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Mike White Invitational Raises Over $24,000

Stormy Wing is currently 15th in the world standings. Photo by Andy Watson / BullStockMedia.com.

PUEBLO, Colo.  Stormy Wing had no idea if he was going to win the Mike White Invitational after riding Latch Man for 89.5 points in the short round last weekend in DeKalb, Texas.

Yet after going 2-for-2, Wing turned to event organizers and said to take a portion of his winnings – whatever they ended up being – and donate it to Ropin’ Dreams.

The nonprofit organization’s mission is to “fulfill the dreams of those young people who are faced daily with the adversity of physical challenges due to critical injury or serious illness.”

“I got to hang out with some of those kids and the people that do receive benefits from Ropin’ Dreams,” Wing said. “They bring me back down to reality. Anyone is guilty of doing it – taking things for granted and complaining a lot.”

Wing ended up winning the event and donating $500. He had rodeRedneck Romeo in the long round for 88.5 points. The 24-year-old andDouglas Duncan had arrived at the Mike White Invitational earlier in the day to spend some time at a local hospital and have lunch with some of the Ropin’ Dreams children.

“That bull riding is put on for Ropin’ Dreams, so why not?” Wing explained. “It allowed me to be there to win some money for my family, so why not give back to it if you could? I told them whatever I win, take $500 and tell them to use it however they need it.”

Last year, Wing also donated a portion of his winnings to Ropin’ Dreams during Danny Reagan’s Touring Pro Division event in Uvalde, Texas.

Overall, the Mike White Invitational raised over $24,000 to benefit Ropin’ Dreams last weekend, according to Mike White. The invitational wrote a check for $19,000, not including Wing’s or Markus Mariluch’s donations, during the event. The Mike White Invitational also raised an additional approximately $4,400 for the six Ropin’ Dream kids in attendance at the bull riding.

Markus Marliuch donated all of his winnings – “a couple hundred bucks” – and spent some time with the children during the day as well. One child, a young aspiring bull rider, was suffering from Crohn’s disease and another was a young bull riding fan in a wheelchair.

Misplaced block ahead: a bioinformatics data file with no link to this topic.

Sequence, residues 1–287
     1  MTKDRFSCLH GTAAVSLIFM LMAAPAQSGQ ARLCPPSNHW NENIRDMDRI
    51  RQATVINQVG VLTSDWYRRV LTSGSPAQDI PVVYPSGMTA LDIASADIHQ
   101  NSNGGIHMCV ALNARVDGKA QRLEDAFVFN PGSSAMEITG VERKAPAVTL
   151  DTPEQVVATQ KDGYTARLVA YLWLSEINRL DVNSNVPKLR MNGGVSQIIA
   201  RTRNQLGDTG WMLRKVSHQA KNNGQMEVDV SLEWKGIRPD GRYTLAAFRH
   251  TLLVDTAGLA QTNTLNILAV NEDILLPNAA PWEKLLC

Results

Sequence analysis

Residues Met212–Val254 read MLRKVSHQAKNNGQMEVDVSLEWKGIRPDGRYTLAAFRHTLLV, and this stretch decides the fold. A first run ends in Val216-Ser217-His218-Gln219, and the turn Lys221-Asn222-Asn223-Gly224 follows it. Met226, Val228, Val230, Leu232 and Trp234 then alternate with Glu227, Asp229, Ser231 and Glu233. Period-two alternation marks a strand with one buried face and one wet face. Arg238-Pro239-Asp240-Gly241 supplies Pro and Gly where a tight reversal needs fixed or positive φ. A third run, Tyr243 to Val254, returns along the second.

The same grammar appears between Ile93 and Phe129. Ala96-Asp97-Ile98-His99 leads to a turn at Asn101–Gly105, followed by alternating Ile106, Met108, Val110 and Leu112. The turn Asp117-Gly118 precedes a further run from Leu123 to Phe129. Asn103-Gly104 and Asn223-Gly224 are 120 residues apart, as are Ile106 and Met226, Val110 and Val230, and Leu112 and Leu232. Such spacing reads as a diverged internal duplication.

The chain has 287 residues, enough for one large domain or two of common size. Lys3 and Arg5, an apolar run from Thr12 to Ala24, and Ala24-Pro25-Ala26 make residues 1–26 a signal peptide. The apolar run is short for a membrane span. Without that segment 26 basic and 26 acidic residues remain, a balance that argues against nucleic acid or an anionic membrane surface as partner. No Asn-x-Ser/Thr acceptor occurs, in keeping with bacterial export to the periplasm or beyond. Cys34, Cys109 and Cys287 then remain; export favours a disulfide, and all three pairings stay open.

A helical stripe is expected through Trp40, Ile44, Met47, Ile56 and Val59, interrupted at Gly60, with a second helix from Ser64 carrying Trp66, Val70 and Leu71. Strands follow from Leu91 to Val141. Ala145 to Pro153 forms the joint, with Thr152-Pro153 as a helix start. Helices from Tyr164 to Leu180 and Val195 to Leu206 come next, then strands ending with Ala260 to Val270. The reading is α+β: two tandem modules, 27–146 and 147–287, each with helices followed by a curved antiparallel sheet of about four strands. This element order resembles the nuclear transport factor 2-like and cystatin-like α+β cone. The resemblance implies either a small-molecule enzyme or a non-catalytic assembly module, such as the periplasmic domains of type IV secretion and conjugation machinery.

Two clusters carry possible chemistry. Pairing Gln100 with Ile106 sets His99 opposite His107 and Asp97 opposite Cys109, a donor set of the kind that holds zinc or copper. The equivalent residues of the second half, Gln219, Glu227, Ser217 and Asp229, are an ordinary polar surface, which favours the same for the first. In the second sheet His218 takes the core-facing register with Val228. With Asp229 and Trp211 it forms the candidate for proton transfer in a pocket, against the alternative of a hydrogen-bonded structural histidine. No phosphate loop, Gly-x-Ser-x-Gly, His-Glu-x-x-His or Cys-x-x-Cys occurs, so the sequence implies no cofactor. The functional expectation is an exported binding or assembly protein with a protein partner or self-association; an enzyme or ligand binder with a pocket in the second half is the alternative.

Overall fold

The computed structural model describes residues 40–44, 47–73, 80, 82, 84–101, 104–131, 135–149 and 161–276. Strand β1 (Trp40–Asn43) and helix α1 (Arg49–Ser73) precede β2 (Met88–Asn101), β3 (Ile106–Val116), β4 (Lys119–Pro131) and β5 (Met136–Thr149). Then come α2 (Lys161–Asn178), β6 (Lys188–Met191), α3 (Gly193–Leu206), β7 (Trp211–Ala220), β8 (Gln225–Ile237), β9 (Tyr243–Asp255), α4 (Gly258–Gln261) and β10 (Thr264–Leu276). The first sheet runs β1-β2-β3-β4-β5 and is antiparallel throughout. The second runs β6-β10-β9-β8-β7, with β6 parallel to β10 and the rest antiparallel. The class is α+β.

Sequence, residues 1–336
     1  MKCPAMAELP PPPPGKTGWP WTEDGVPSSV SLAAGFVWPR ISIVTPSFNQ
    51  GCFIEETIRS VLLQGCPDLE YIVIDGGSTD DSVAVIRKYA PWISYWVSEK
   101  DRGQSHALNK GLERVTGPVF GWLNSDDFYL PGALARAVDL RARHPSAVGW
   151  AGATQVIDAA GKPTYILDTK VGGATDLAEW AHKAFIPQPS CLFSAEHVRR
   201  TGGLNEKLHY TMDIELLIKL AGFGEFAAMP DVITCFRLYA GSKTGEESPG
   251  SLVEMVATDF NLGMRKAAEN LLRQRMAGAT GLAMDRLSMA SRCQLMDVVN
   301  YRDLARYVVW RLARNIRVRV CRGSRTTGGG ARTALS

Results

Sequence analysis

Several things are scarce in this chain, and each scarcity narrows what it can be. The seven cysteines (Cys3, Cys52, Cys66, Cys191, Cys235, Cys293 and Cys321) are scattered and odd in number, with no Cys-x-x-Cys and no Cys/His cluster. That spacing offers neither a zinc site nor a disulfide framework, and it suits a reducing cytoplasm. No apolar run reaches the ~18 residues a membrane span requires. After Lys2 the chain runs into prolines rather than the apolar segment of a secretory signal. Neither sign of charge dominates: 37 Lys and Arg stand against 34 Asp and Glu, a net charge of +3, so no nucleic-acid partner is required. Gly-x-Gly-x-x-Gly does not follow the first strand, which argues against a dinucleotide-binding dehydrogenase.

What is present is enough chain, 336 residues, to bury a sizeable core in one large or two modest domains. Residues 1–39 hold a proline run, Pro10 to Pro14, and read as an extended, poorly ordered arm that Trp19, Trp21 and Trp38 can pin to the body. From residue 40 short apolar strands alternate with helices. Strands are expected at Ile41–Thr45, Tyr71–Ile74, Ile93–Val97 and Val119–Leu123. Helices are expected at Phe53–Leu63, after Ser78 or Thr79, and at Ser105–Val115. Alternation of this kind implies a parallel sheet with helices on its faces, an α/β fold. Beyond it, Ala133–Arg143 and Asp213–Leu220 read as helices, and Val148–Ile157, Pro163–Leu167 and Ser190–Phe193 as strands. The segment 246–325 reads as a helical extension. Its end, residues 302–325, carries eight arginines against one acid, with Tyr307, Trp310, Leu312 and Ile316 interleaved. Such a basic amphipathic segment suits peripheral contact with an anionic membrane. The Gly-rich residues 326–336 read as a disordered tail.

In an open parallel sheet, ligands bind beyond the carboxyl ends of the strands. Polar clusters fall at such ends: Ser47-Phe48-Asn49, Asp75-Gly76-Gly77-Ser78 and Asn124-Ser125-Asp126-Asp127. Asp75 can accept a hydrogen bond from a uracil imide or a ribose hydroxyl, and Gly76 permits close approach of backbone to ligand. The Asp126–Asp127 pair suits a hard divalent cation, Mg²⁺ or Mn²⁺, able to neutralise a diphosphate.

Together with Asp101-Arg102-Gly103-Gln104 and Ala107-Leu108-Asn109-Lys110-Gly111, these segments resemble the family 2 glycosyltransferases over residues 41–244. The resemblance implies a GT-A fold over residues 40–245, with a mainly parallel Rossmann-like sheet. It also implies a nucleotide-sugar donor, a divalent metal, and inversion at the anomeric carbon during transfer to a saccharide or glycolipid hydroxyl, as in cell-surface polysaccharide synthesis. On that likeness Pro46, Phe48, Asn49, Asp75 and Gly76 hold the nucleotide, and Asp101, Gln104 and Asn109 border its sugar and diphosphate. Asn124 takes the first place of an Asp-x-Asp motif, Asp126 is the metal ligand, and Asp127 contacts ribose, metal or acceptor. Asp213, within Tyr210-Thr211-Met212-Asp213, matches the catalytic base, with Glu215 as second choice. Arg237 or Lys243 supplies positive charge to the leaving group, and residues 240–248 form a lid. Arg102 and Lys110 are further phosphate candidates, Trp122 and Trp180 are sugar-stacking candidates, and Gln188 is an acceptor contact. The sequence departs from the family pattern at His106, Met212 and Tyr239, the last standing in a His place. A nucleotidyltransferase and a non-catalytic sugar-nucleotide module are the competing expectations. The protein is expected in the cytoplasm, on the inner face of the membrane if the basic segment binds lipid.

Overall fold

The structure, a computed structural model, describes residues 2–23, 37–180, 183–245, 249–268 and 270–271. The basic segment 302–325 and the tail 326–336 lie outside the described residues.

“I donated everything that I won back. I just gave it all back,” Mariluch said. “I was talking to them kids – they are less fortunate than us – and anything you can donate back to try and help them. I think it’s going for a good cause and hopefully, they can find a cure for some of those kids.”

Along with the Friday night bull riding, White, his sister, Wendy LaVergne, and a group of sponsors also helped organize an all-day roping event on Saturday, as well as an Easter egg hunt.

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“It’s a cool deal and what Mike does, I am a really big fan,” Wing said. “I am just upset I couldn’t stay for the pasture roping. I will definitely be doing that next year.”

The actions by the riders over the course of the event meant the world to the children they met, and also to White.

“It was an outstanding event and I just want the fans to know what kind of athletes that we do have,” White said. “Both of those guys realize the gift that they got and they are not taking it for granted. They are giving back part of what they earned. They realized what a great position they are in to give back and not take things for granted.”

White remembers how tough the Built Ford Tough Series grind is on a bull rider’s body, so sometimes the last thing you want to do is hit the road again on your first weekend off during the first half of the season.

Yet that is exactly what Wing, Duncan and Mariluch did instead of taking a week off to rest for this weekend’s Des Moines Invitational.

“For those guys to have their first weekend off from a Built Ford tough event and come to our event and do good and give back to the kids is great,” White said. “To do what they’ve done is great.”

Follow Justin Felisko on Twitter @jfelisko

 

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